A new study has shown how variation in the gene RASGRF-2 makes teenagers more prone to binge drinking. Researchers from King's College explain how this variation makes structural changes in the brain and how this in turn leads teens to become heavy drinkers later in life.

Previous research has shown that alcohol and other additive substances activate the dopamine system in the brain which makes people want to drink more alcohol. However, not all people become binge drinkers. The reason, researchers have said, is because a gene variation makes people more prone to binge drink. The current research conducted on teens explains how the variation in the gene drives people to binge drink.

"People seek out situations which fulfill their sense of reward and make them happy, so if your brain is wired to find alcohol rewarding, you will seek it out. We now understand the chain of action: how our genes shape this function in our brains and how that, in turn, leads to human behavior," said Gunter Schumann, from King's IoP and lead author of the study.

The study included 633 boys who had been exposed to significant amounts of alcohol by age 14. Researchers analyzed their brain scans and found that boys with certain variations in the RASGRF2 gene had higher activation of the ventral striatum area of the brain. The study results showed that brains of people who had variation in the gene released more dopamine when anticipating a reward. This is why these people drink more alcohol.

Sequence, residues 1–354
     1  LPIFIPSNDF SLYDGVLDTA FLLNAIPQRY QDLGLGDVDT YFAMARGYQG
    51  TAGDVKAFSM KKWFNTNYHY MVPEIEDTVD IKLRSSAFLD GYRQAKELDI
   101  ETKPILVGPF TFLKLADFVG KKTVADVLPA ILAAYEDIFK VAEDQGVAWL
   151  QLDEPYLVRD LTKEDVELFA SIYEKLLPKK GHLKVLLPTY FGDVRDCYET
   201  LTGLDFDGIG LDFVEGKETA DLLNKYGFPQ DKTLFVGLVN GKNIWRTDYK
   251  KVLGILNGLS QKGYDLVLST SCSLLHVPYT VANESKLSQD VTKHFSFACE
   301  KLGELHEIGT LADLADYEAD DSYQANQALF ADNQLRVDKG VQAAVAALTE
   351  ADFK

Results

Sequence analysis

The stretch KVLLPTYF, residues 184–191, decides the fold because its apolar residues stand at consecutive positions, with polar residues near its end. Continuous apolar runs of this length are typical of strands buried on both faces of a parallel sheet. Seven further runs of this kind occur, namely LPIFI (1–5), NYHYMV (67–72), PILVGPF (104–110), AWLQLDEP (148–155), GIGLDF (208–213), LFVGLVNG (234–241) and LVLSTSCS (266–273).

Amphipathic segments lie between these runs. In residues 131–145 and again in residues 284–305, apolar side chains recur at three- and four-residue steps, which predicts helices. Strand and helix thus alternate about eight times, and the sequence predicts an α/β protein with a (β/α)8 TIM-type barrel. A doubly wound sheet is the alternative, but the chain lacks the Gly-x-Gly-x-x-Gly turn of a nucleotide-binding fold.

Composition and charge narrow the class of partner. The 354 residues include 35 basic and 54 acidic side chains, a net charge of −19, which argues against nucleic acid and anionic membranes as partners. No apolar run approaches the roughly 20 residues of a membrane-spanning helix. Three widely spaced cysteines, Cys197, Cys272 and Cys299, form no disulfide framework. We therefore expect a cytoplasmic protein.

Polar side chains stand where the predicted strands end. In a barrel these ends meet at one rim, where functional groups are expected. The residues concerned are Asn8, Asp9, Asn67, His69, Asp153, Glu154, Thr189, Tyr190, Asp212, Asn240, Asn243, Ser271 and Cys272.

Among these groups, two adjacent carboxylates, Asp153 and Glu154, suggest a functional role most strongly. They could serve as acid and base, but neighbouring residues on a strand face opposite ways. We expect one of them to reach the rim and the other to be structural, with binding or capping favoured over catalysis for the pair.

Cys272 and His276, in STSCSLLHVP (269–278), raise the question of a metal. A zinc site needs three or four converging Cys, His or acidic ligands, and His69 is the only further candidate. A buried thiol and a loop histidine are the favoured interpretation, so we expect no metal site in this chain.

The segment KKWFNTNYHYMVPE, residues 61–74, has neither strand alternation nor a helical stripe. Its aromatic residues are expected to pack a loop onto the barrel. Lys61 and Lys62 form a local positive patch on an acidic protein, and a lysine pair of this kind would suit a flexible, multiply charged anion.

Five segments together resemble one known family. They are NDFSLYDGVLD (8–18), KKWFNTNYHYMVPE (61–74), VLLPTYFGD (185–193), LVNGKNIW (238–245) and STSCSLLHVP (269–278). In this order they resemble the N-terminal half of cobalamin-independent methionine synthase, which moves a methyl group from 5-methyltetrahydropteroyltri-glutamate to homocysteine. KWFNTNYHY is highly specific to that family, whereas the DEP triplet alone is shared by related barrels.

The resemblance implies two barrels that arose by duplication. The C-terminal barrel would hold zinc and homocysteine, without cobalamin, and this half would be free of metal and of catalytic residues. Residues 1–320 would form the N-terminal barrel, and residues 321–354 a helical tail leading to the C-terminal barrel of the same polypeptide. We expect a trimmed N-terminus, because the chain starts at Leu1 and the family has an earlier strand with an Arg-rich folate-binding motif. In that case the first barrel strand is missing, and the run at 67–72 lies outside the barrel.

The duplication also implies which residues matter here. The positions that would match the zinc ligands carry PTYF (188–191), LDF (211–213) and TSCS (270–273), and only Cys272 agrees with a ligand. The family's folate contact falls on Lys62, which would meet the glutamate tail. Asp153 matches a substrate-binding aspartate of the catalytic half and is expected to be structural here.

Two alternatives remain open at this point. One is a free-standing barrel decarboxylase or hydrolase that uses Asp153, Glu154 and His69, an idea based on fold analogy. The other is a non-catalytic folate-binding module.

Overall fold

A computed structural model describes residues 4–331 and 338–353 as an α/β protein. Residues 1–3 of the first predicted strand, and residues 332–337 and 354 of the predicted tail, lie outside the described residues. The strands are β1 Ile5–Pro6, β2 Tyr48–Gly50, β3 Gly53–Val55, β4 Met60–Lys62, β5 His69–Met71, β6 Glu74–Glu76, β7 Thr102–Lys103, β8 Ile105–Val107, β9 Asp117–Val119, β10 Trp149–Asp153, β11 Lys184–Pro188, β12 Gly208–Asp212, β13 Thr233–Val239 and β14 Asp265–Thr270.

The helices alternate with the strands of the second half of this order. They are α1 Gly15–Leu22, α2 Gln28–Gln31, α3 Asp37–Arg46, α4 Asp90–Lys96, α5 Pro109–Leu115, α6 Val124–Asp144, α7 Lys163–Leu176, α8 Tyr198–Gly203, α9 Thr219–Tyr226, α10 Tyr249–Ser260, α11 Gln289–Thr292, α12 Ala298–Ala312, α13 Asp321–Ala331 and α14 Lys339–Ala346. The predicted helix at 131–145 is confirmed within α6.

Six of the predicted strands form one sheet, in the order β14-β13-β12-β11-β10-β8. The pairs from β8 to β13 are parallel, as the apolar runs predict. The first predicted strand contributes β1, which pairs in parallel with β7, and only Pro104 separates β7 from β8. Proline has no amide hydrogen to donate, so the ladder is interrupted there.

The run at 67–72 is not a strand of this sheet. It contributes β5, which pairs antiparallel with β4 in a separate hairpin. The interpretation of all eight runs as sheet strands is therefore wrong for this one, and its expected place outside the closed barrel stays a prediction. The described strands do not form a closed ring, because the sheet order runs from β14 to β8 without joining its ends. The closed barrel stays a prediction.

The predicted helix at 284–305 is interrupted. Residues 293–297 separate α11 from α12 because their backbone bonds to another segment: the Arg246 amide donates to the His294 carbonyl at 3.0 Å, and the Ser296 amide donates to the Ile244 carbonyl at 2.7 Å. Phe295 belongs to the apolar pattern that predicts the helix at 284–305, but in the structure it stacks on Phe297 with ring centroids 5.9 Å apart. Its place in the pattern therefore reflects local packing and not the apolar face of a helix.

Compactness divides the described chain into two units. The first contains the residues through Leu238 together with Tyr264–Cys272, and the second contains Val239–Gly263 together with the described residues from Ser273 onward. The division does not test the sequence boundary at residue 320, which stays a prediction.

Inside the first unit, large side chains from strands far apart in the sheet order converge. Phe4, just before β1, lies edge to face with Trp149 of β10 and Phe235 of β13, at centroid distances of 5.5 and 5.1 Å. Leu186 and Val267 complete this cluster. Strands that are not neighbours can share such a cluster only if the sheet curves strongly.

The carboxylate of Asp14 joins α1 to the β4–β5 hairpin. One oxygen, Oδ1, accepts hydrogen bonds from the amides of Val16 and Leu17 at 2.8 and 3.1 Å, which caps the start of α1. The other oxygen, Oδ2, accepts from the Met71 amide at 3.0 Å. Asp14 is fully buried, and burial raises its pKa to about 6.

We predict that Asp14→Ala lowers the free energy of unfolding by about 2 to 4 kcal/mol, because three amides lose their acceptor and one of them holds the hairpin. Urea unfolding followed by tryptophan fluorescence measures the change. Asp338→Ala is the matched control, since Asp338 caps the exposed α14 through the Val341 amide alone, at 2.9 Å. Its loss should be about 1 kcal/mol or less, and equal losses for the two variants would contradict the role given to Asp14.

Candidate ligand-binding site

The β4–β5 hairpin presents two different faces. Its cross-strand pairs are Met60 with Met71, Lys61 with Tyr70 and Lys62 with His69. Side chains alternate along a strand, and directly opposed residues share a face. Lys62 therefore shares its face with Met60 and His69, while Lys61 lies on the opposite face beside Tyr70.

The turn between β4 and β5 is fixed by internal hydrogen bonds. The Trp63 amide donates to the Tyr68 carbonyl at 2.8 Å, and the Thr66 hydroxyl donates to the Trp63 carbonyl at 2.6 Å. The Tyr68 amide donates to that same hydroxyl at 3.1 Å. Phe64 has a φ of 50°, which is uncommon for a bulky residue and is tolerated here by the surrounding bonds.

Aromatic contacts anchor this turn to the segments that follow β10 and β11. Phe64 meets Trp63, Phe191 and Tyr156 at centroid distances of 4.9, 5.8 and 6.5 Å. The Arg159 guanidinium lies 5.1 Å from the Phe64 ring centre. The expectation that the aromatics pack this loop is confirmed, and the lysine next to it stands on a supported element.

"We found that the RASGRF-2 gene plays a crucial role in controlling how alcohol stimulates the brain to release dopamine, and hence trigger the feeling of reward. So, if people have a genetic variation of the RASGRF-2 gene, alcohol gives them a stronger sense of reward, making them more likely to be heavy drinkers," said Schumann in a news release.

Researchers confirmed their findings by re-analyzing the brains of these boys at 16 years of age. They found that boys with the gene variation were more likely to be frequent drinkers than boys who didn't have the genetic variation.

Researchers say that knowing certain teens may be at high risk of developing a full-blown addiction may design intervention strategies that target this vulnerable group.

Previous research published in the Journal of School Health has suggested that teens that binge drink are more likely to abuse other drugs than teens who use marijuana.

In the U.S., people aged 12 to 20 years drink 11% of all alcohol consumed in the country and about 90 percent of this alcohol is drunk during a binge drinking sessions, says Centers for Disease Control and Prevention.

The study is published in the journal Proceedings of the National Academy of Sciences.